The Phantom of the Open is set for a US theatrical release on June 3.
Good Luck to You, Leo Grande
Another Sundance darling, Good Luck to You, Leo Grande, closed out the festival on Sunday night. With this two-hander that often resembles a filmed play, Australian director Sophie Hyde offers a very modern, forward, and entertaining treatment of a subject the movies have more often than not been too squeamish to address: older women’s sexuality.
Good Luck to You, Leo Grande stars Emma Thompson as Nancy, a woman in her 60s who, due to a combination of religious repression, an indifferent (deceased) husband, and general self-loathing, has never enjoyed any type of sexual pleasure. So she enlists the services of a young, male sex worker (Daryl McCormack, from Peaky Blinders). The film consists of a series of long scenes depicting their meeting. Thompson has been around for decades, while McCormack is a relative newcomer, but they’re both outstanding here, in very demanding roles.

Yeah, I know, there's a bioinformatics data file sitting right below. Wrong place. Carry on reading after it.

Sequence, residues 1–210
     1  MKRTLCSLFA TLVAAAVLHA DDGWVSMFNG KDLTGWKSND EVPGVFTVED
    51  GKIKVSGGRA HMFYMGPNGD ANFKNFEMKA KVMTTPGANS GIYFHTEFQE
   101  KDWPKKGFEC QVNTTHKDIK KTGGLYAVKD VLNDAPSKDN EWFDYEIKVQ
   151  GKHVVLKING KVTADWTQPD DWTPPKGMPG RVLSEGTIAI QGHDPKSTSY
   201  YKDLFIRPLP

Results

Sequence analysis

Yes, there is sex, and nudity, but there’s more talk between the two than anything else. Thanks to its specifically modern, sex-positive attitude, this is one of those movies that is hard to imagine existing anytime before the last couple of years.
The film also lives up to a cinematic trope I’ve noticed—call it Chekhov's orgasm—that if a character states at the beginning of a film that they've never had an orgasm, that person will always have one by the time the film is over.
Good Luck to You, Leo Grande will arrive on Hulu on June 17.
What, When, Where
The Philadelphia Film Festival's SpringFest ran May 13 through 15, 2022 at the Philadelphia Film Center, 1412 Chestnut Street, Philadelphia. filmadelphia.org/springfest.
The Philadelphia Film Center requires proof of Covid-19 vaccination; mask-wearing is optional inside the theater.
The Philadelphia Film Center is a wheelchair-accessible venue. Visit its accessibility page for more info.